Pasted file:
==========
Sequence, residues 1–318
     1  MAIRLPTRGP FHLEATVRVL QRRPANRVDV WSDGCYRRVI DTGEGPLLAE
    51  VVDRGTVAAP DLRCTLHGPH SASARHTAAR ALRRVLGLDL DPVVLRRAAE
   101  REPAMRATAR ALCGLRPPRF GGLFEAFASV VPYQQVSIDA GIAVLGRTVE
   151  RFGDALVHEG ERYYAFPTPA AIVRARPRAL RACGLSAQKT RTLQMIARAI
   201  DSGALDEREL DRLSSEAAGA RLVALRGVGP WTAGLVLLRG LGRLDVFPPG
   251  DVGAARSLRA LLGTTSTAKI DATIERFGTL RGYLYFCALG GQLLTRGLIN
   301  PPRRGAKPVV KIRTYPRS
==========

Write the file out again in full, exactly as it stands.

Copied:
Sequence, residues 1–318
     1  MAIRLPTRGP FHLEATVRVL QRRPANRVDV WSDGCYRRVI DTGEGPLLAE
    51  VVDRGTVAAP DLRCTLHGPH SASARHTAAR ALRRVLGLDL DPVVLRRAAE
   101  REPAMRATAR ALCGLRPPRF GGLFEAFASV VPYQQVSIDA GIAVLGRTVE
   151  RFGDALVHEG ERYYAFPTPA AIVRARPRAL RACGLSAQKT RTLQMIARAI
   201  DSGALDEREL DRLSSEAAGA RLVALRGVGP WTAGLVLLRG LGRLDVFPPG
   251  DVGAARSLRA LLGTTSTAKI DATIERFGTL RGYLYFCALG GQLLTRGLIN
   301  PPRRGAKPVV KIRTYPRS